July 30, 2023 -KEY BISCAYNE, Fla. (AP) — In the sweltering summer heat, nobody tries to cool off by jumping into a hot tub. In parts of Florida, however, that’s what the ocean has felt like.
Earlier this week, sea surface temperatures reached as high as 101.2 degrees Fahrenheit (38.4 degrees Celsius) around the state’s southern tip in Manatee Bay, according to the National Weather Service — although scientists said the context for Monday’s reading is complicated.
“It was like there was no difference between the humidity of the air and going into the water,” said Chelsea Ward of Fort Myers, Florida.
Triple-digit ocean temperatures are stunning even in Florida, where residents are used to the heat and where many retirees find refuge from cold, northern winters. Several other nearby spots reached the mid-90s (about 35 Celsius). A storm finally came through on Wednesday, helping water temperatures drop back down into the more temperate 80s (about 29 Celsius).
Humans naturally look to water for a chance to refresh. Every summer, millions grab their swimsuits for a day on the beach and a chance to cool off in the water — a break from everyday work and worry. Pools offer the same relief and a place for friends to gather. But when water temperatures get too high, some of the appeal is lost.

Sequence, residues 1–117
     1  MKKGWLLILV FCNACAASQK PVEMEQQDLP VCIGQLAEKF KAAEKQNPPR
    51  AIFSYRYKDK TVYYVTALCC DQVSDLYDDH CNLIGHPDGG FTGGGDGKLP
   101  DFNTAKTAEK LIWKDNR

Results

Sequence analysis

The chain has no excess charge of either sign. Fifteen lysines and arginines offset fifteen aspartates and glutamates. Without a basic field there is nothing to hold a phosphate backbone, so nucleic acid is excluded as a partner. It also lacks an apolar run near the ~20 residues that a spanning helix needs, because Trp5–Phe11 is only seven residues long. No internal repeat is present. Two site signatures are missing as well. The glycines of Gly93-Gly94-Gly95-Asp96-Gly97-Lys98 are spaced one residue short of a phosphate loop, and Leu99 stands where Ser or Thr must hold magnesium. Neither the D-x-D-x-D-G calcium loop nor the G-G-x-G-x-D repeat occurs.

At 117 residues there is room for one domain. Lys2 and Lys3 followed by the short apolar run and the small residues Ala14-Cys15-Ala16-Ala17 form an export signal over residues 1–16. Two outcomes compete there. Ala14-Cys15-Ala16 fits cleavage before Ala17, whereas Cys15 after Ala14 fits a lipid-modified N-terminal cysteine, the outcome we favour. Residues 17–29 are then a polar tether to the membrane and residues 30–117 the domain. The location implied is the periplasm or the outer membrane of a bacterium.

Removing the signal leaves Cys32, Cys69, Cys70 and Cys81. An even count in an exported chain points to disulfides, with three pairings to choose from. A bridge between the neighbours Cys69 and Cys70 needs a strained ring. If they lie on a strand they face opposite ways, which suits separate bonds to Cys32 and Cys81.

Ward, 47, doesn’t keep her beach bag in her car anymore even though she lives minutes away from the beach in Fort Myers. Lately, the water is just too hot. On Sunday, when her friend asked if she wanted to go to the beach, the two decided against it after discovering the water temperature was around 90 degrees (32 degrees Celsius).
When it’s hot, the body cools down by sweating, which evaporates and releases heat. Dipping into the ocean is typically so refreshing because heat efficiently transfers from your body into the water. But as water temperatures climb, that effect diminishes and you lose less heat less quickly, according to Michael Mullins, a Washington University toxicologist and emergency medicine physician at Barnes-Jewish Hospital in St. Louis.
A hot tub — or a stretch of ocean water hotter than body temperature — reverses the transfer of heat into your body. That’s not a pleasant experience on a sizzling, humid, Florida day.